Facade  Pattern - Java - Explained

Facade Pattern - Java - Explained


The Facade Pattern provides a unified interface to a set of interfaces in a subsystem. Facade defines a higher-level interface that makes the subsystem easier to use.

Facade pattern express the "Principle of least knowledge" which guide us to reduce the interactions between objects to just an object which can help interact with other useful objects.

Facade does not usually restrict access to sub-systems rather it put convention in some cases not to use it without facade when possible.

Motivation behind the pattern/problem it solves?

  1. Structuring a complex system into small manageable subsystems definitely reduces complexity. The facade pattern helps introduce a unified interface to manage all small manageable subsystems which then reduce complexity in terms of managing all those resources.

  2. Do you want to introduce a layered approach to manage a complex system, then a facade pattern helps achieve that. Facade patter provides the ability to have an entry points into your layers so that client which is using layer only knows about your facade which is easier to use.

  3. If you want to decouple the subsystems in your complex application then consider using facade pattern.

Design Problem - Facade pattern

Consider you are developing a enterprise ecommerce application, you have many business objects (services) like userService, shippingService, paymentService, inventoryService, placeOrderService, and taxService. All these are used in different scenarios like if we want to write a function for add to cart then userService, inventoryService and taxService is used.
We want to provide a scalable and maintainable solution.

solution approach 1 : without using facade .

Please refer below diagram where each of the function which uses subsystems have to instantiate it and use it. doesn't it looks tightly coupled design?


solution approach 2 : using facade pattern

Refer below diagram, here we have introduced a facade class which is 'll act like unified interface to access underlying subsystem classes(services in our case) .
Doing this 'll help us to decouple direct access to underlying services, also we can introduce some methods in the facade class which can help to do some basic validation before actually using subsystems.


Facade actually defines high level interface which makes subsystems easier to use in our code we have defined CartFacade as high level interface which helps us to use underlying services classes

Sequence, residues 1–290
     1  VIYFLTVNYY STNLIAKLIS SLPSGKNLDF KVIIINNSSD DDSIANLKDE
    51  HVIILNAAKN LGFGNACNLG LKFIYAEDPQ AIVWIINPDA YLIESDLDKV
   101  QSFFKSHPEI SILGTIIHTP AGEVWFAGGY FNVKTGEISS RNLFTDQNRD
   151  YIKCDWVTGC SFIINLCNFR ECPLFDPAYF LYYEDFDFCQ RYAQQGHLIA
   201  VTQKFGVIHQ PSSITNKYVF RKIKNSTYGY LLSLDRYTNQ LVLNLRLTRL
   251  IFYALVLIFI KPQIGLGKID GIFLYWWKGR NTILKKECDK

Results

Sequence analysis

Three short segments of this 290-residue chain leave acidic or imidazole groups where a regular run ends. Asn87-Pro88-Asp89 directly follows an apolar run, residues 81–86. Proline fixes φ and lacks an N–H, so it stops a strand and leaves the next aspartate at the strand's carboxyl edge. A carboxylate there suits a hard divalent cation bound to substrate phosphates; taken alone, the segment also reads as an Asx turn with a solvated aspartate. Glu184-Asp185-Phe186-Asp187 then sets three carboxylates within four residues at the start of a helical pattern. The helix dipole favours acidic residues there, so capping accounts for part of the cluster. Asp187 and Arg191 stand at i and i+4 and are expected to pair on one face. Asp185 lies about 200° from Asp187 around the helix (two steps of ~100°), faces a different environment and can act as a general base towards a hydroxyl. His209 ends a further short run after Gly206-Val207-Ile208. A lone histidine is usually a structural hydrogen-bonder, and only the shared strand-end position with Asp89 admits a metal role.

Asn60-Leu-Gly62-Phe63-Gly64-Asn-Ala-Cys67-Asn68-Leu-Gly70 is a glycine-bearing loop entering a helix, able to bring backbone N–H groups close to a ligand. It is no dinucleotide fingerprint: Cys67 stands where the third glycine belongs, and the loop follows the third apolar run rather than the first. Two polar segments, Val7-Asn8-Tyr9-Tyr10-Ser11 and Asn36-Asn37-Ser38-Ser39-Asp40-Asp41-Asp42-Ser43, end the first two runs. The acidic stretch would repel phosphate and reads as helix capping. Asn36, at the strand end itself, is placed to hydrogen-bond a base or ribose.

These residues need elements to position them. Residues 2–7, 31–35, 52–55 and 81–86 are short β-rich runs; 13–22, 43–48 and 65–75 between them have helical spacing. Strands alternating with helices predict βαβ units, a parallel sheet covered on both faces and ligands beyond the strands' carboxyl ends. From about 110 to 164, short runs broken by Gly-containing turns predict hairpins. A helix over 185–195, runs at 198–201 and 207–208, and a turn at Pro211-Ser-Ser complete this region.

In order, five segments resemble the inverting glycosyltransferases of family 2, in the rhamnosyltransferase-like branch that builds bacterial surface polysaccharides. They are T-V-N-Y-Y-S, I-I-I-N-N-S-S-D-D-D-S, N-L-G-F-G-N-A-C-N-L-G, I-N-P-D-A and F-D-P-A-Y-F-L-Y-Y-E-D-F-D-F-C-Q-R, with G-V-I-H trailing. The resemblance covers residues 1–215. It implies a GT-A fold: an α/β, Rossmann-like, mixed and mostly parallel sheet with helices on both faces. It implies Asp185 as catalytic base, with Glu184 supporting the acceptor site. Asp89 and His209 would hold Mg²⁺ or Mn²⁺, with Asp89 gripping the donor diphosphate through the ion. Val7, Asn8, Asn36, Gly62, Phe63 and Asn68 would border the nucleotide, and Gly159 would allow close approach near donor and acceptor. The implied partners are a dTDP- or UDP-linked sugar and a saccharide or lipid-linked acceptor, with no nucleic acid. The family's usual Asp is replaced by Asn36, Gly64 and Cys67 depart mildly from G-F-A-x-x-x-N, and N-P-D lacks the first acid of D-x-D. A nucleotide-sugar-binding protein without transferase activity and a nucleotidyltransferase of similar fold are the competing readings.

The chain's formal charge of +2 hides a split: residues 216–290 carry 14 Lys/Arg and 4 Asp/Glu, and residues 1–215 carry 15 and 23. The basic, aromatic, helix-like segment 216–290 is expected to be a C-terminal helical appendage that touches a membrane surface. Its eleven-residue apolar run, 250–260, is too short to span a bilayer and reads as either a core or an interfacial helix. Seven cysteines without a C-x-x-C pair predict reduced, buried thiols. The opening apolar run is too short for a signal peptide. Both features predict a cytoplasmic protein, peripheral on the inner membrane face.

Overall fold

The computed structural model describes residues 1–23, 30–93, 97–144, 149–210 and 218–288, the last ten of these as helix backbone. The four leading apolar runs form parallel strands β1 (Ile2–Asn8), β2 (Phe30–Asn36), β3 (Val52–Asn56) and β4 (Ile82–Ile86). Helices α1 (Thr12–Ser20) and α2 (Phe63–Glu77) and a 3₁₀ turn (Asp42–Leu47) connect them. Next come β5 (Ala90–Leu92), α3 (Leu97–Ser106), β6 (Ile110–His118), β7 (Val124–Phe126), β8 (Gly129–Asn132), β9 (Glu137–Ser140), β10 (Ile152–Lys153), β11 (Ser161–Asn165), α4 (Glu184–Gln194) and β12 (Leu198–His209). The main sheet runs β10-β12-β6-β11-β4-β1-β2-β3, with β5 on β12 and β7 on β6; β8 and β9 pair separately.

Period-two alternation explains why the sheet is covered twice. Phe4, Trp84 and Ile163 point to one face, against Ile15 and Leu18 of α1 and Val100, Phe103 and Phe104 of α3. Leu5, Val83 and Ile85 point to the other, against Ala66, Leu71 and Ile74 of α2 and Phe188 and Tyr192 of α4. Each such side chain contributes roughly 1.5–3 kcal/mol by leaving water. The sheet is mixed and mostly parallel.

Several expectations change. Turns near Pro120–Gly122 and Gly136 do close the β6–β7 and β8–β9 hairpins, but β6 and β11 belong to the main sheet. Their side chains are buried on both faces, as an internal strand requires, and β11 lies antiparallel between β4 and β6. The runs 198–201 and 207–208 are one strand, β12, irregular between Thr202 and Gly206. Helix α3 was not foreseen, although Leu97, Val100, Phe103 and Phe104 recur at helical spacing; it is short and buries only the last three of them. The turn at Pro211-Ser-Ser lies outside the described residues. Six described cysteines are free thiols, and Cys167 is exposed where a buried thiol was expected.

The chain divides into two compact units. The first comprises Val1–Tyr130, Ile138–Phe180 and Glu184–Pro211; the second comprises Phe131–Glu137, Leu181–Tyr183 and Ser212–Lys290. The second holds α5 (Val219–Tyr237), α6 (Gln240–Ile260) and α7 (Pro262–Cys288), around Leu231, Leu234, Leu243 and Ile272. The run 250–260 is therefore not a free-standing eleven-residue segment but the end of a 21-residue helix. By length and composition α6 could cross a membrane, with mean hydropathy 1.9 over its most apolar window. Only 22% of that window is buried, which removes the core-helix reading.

public class FacadePatternMain {
    public static void main(String[] args) {

        AnnotationConfigApplicationContext applicationContext = new AnnotationConfigApplicationContext(ApplicationConfiguration.class);
        CartFacade cartFacade = applicationContext.getBean(CartFacade.class);

        // adding product to cart facade is used to call related services in the respective business logic specific methods.

public class CartFacade {

    UserService userService;

    TaxService taxService;

    ShippingService shippingService;

    PlaceOrderServices placeOrderServices;

    PaymentService paymentService;

    InventoryService inventoryService;

    public void addProductToCart() {
        //TODO using services and adding product to cart goes here


    public void removeProductFromCart() {
        //TODO using services and removing product from cart

    public void placeOrderForCart() {
        //TODO using services placing order for an cart

    protected UserService getUserService() {
        return this.userService;

    protected TaxService getTaxService() {
        return this.taxService;

    protected ShippingService getShippingService() {
        return this.shippingService;

    protected PlaceOrderServices getPlaceOrderServices() {
        return this.placeOrderServices;

    protected PaymentService getPaymentService() {
        return this.paymentService;

    public InventoryService getInventoryService() {
        return this.inventoryService;

check here for code on git

Structure of Facade pattern

Actor : its a client which want to use subsystems
Facade class : Its an unified interface to access related services.
subsystems : it contains many business services.

Structure is simple , its basically used to decouple services add layered approach which makes it more readable and maintainable code.

Pros and Cons


  1. Helps to achieve layered approach
  2. Complex subsystems can be manageable better with unified interface.
  3. Helps to provide abstraction and manage complexities in unified exposed facade class to client.


  1. Adds unnecessary layer if your application is not very complex.

Relation with other patterns

  1. Facade vs Adaptor
    Adaptor makes existing interface usable however in facade we create new interface and group all related method calls together.

  2. Facade and Mediator are usually same, they try to organize collaboration between lots of tightly coupled classes.

  3. usually facade objects are singleton as only one unified interface is expected.

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